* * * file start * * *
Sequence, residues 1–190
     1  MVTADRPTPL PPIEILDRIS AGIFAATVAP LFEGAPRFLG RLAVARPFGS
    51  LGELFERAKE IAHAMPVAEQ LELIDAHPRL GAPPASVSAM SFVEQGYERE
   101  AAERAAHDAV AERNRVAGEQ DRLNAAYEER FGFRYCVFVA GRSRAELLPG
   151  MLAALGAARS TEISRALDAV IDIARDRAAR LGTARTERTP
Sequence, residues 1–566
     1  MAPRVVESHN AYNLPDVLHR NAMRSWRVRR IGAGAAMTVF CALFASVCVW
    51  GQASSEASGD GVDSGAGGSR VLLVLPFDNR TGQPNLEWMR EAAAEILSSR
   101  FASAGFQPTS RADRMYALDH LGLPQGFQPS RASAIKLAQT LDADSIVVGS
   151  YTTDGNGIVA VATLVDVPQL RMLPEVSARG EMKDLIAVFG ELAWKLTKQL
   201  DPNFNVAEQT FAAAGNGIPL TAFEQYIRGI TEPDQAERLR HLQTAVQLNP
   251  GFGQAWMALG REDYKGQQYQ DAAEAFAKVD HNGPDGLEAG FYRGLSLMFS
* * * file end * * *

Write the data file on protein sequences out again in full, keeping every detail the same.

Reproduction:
Sequence, residues 1–190
     1  MVTADRPTPL PPIEILDRIS AGIFAATVAP LFEGAPRFLG RLAVARPFGS
    51  LGELFERAKE IAHAMPVAEQ LELIDAHPRL GAPPASVSAM SFVEQGYERE
   101  AAERAAHDAV AERNRVAGEQ DRLNAAYEER FGFRYCVFVA GRSRAELLPG
   151  MLAALGAARS TEISRALDAV IDIARDRAAR LGTARTERTP
Sequence, residues 1–566
     1  MAPRVVESHN AYNLPDVLHR NAMRSWRVRR IGAGAAMTVF CALFASVCVW
    51  GQASSEASGD GVDSGAGGSR VLLVLPFDNR TGQPNLEWMR EAAAEILSSR
   101  FASAGFQPTS RADRMYALDH LGLPQGFQPS RASAIKLAQT LDADSIVVGS
   151  YTTDGNGIVA VATLVDVPQL RMLPEVSARG EMKDLIAVFG ELAWKLTKQL
   201  DPNFNVAEQT FAAAGNGIPL TAFEQYIRGI TEPDQAERLR HLQTAVQLNP
   251  GFGQAWMALG REDYKGQQYQ DAAEAFAKVD HNGPDGLEAG FYRGLSLMFS